Yeah. it did. Even the way they talked about the shelter on the alumni page was different. And the Google reviews, all the stuff that you shouldn’t read late at night but you do (laughs). A perfect story was a dog who came through the Kia promotion a couple times — Neo, a three-legged pit bull — who finally got a really good home. And that adopter just recently posted on the alumni page, “Hey! I know everyone really loved Neo. Here he is with our kids at the park.”

And another alumni was like, “I had Neo for two weeks! That’s so awesome! Now I have Sarge.” And someone else wrote, “Hey, I had Sarge for two weeks!”

So they really become a community themselves.

They did. And there was no, “You jerk, you returned Neo.” It was like, “Yeah, but we ended up with this dog instead.” It totally changed the dynamic of pet owners to pet owners. It got everyone off their high horse. No one was self-righteous, because no one’s the perfect pet owner any more. There was no, “You failed the dog.” It was, “You did the right thing, because now look at the home he’s in, and now look at the dog you have, and look how perfect those families look now.” Whereas if you switched those dogs, [you’d have] two very unhappy families.

[In addition,] we also then got to go, we are not really going to vet you that closely. Because if it doesn’t work out, bring him back. We’re not going to go, “Oh you don’t run three miles a day, every day?”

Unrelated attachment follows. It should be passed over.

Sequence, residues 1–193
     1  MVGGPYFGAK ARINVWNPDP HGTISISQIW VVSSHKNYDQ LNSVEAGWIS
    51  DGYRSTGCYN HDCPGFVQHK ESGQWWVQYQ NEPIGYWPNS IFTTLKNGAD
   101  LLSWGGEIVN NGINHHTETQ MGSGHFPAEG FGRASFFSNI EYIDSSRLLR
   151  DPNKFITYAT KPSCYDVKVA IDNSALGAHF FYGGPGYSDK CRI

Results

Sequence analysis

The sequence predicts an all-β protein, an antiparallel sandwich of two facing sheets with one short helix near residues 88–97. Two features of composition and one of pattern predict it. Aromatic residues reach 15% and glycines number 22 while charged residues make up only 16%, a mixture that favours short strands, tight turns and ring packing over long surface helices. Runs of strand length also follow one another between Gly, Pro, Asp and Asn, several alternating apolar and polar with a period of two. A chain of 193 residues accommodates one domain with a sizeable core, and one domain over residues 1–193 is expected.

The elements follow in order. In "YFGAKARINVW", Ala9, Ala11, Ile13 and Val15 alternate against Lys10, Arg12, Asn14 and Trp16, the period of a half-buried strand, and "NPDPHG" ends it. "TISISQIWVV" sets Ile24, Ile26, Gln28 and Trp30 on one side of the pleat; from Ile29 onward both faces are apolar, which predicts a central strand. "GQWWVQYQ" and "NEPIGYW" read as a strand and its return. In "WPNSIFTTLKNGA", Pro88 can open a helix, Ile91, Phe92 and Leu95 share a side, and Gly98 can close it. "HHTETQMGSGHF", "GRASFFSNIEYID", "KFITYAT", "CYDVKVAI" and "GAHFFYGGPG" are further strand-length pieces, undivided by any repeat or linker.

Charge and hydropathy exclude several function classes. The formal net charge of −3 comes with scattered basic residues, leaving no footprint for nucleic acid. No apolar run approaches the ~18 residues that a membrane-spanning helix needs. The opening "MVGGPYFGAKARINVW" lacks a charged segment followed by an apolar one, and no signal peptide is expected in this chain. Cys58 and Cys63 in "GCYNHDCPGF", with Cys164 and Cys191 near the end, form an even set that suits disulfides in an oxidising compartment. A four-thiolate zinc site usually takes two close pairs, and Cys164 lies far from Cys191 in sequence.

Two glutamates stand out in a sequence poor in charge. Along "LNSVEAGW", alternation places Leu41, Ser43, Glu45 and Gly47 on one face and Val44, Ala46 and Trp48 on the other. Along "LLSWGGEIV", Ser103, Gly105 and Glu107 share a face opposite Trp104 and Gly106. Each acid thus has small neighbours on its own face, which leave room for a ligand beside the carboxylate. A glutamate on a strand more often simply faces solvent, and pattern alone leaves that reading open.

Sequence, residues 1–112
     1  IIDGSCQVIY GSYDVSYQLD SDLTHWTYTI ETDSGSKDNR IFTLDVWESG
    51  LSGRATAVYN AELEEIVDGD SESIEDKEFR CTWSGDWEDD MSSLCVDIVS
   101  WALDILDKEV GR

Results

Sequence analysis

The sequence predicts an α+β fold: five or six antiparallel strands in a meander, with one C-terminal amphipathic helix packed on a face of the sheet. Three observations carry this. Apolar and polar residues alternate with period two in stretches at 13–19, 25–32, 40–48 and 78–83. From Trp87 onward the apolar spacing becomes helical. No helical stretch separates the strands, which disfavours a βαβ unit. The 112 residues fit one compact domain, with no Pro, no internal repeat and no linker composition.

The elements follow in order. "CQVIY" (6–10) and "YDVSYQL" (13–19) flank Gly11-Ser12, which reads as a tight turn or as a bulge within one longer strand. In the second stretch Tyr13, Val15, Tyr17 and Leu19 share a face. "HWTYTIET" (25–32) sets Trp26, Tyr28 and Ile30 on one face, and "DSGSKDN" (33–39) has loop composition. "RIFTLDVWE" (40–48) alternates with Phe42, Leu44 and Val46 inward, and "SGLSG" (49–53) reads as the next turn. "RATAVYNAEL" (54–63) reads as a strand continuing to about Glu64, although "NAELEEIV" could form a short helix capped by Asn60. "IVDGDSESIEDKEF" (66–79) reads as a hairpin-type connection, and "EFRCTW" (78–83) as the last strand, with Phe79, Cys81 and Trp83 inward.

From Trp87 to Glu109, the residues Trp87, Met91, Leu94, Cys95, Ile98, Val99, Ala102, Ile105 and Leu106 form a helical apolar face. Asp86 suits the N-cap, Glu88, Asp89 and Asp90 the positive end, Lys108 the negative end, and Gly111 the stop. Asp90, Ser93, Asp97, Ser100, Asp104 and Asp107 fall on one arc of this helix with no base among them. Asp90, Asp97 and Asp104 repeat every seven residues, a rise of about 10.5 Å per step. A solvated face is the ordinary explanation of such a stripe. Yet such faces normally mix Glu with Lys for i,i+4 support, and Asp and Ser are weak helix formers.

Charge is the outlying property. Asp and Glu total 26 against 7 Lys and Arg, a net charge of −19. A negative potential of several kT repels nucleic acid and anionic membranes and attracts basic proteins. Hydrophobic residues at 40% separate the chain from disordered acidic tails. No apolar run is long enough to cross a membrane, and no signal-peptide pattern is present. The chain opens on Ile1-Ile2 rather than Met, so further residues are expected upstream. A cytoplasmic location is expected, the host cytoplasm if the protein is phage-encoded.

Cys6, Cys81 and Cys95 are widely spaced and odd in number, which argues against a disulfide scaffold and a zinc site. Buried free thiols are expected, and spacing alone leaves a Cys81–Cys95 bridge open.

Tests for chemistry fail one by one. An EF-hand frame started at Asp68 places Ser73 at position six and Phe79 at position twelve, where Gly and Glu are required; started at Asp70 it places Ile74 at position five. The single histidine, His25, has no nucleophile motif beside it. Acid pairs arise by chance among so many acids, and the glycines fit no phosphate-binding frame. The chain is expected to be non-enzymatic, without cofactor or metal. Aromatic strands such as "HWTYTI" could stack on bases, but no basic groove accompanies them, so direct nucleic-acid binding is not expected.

I think it made us much less judgmental and easier to work with. There was a free flow of information [from adopters]. They would say, “Hey, we left him in a crate for eight hours and he did this.” Normally they would lie about that. They would say, “We were walking him 12 times a day and he still chewed up the sofa.”

[Instead,] it was “We did this, and this was the outcome,” whereas I think if you go into it [with the attitude that], “You need to be the very best pet owner every single day for the rest of this pet’s life,” they will never communicate to you the situations in which these incidents happened.

So it made everyone more transparent. It made the adopters much more accepting of each other, it made the volunteers happier over time because now they can see these posts. It’s just a slower thing, because Neo’s adopter didn’t post until August and they got him in May, and the whole time, the volunteers were like, “They’ve probably got him locked in a dungeon, they probably sold him on Craigslist.”